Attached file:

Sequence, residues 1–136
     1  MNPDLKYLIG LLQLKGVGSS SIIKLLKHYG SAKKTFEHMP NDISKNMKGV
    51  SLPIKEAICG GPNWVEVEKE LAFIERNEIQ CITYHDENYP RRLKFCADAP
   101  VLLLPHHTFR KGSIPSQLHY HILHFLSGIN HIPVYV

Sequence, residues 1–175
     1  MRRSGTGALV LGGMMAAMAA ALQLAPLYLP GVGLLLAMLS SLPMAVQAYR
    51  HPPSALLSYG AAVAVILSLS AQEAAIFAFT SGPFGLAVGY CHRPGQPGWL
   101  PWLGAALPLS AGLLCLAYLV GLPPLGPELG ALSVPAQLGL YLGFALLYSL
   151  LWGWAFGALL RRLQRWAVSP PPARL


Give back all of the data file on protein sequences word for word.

Sequence, residues 1–136
     1  MNPDLKYLIG LLQLKGVGSS SIIKLLKHYG SAKKTFEHMP NDISKNMKGV
    51  SLPIKEAICG GPNWVEVEKE LAFIERNEIQ CITYHDENYP RRLKFCADAP
   101  VLLLPHHTFR KGSIPSQLHY HILHFLSGIN HIPVYV

Sequence, residues 1–175
     1  MRRSGTGALV LGGMMAAMAA ALQLAPLYLP GVGLLLAMLS SLPMAVQAYR
    51  HPPSALLSYG AAVAVILSLS AQEAAIFAFT SGPFGLAVGY CHRPGQPGWL
   101  PWLGAALPLS AGLLCLAYLV GLPPLGPELG ALSVPAQLGL YLGFALLYSL
   151  LWGWAFGALL RRLQRWAVSP PPARL